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Black farmers urge US Senate to fund settlement in discrimination case

Founder and president of the National Black Farmers Association (NBFA) [advocacy website] James Boyd, Jr. [official profile] called [press release] Tuesday for the US Senate [official website] to fund a settlement [JURIST report] in a discrimination case involving minority farmers. The request comes a month after the Senate failed to approve [press release; CNN report] over a billion dollars for a settlement between the US Department of Agriculture (USDA) [official website] and the black farmers. The US House of Representatives [official website] approved a measure in July that included money to fund the settlement, but the bill failed to pass through the Senate for a seventh time. President Barack Obama has expressed his support [USA Today report] for the settlement agreement between the NBFA and USDA.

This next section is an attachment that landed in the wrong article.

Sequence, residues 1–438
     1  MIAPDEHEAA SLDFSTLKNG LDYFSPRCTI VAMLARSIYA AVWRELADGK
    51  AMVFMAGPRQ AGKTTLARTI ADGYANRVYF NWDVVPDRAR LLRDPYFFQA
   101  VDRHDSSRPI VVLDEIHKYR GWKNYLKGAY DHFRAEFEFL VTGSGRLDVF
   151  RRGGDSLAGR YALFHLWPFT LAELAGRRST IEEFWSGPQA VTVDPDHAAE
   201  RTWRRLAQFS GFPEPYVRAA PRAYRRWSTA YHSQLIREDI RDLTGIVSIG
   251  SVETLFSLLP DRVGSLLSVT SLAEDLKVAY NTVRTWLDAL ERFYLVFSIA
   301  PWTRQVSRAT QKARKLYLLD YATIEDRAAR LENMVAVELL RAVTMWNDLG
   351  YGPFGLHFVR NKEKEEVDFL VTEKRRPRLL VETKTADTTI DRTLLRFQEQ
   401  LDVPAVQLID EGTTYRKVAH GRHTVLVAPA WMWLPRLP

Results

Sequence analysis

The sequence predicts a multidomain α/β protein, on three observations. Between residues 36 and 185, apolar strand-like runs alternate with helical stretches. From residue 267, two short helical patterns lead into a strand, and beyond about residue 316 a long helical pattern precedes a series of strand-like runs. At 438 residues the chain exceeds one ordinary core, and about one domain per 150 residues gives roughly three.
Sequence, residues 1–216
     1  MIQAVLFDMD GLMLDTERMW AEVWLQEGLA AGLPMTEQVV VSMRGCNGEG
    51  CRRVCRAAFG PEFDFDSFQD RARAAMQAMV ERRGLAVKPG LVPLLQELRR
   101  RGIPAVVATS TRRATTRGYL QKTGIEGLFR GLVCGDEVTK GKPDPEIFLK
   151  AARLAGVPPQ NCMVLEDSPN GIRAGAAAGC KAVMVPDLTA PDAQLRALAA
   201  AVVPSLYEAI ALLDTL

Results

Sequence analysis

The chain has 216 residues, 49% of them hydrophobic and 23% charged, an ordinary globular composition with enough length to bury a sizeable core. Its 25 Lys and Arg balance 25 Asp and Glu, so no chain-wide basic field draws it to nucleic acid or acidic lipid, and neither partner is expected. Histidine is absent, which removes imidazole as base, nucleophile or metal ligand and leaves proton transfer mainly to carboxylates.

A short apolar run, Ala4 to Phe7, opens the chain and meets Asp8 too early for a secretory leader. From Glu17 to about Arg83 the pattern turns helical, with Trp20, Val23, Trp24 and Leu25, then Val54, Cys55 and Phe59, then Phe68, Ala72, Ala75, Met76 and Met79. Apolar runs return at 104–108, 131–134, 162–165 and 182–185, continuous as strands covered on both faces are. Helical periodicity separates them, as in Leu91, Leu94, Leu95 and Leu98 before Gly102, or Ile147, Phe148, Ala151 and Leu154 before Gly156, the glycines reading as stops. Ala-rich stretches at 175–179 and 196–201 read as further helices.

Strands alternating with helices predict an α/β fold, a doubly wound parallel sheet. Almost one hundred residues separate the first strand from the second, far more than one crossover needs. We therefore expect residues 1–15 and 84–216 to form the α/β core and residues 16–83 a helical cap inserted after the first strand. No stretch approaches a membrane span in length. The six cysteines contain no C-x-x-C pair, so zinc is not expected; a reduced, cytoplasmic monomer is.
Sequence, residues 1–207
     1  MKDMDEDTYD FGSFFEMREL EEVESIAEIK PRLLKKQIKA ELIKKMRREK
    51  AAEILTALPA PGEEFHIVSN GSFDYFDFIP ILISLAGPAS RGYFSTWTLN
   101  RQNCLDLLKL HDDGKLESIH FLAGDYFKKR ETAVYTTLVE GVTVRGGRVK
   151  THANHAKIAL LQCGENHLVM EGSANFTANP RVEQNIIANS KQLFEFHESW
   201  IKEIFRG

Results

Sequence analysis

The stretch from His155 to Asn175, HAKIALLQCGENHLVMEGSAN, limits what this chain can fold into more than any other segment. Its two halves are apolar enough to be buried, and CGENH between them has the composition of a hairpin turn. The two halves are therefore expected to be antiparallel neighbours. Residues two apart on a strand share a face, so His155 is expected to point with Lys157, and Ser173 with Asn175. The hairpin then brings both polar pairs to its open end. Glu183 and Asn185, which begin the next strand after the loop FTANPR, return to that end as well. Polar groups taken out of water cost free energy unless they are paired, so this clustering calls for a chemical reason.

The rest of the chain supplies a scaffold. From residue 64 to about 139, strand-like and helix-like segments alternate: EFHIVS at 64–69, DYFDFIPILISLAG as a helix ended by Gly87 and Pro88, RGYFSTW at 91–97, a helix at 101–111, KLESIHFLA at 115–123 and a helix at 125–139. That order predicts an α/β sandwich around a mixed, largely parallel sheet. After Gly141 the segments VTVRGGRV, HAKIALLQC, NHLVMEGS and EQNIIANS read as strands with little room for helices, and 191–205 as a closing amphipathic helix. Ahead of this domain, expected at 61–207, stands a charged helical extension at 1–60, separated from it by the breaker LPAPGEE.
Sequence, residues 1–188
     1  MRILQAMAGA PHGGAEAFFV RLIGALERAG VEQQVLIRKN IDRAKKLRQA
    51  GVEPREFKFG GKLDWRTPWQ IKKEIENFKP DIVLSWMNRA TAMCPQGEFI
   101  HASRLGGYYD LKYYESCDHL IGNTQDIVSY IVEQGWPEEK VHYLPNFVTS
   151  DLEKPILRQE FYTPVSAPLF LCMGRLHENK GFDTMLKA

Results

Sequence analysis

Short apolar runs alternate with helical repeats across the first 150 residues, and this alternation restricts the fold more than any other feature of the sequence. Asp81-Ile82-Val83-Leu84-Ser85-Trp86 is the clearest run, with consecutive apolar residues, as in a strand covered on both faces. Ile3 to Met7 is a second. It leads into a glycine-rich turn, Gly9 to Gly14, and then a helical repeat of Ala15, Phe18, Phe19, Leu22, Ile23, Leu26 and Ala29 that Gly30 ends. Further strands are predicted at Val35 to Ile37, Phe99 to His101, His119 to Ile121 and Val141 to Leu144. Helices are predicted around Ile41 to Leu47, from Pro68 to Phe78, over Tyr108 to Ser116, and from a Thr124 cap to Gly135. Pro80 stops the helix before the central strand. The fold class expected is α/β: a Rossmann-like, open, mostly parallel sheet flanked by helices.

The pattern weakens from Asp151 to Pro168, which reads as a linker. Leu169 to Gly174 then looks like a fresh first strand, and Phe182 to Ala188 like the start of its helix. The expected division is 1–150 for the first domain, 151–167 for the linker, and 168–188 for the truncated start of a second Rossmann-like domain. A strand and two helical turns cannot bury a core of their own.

The battle by the NBFA to receive an allocation of resources is over a decade old. In 2008, the NBFA brought a class action lawsuit [JURIST report] against the USDA, alleging on behalf of more than 800 black farmers that the USDA improperly discriminated against them. Many farmers were left out of the 1999 settlement [text, PDF; NALC backgrounder, PDF] after missing a filing deadline, and thousands more argued that the terms of the settlement were inadequate. After earlier accusations of unfair distribution of resources, the USDA created the Office of the Assistant Secretary for Civil Rights (ASCR) [official website] in 2003 to monitor compliance with civil rights laws and to help ensure equality in the administration of the USDA's many programs.

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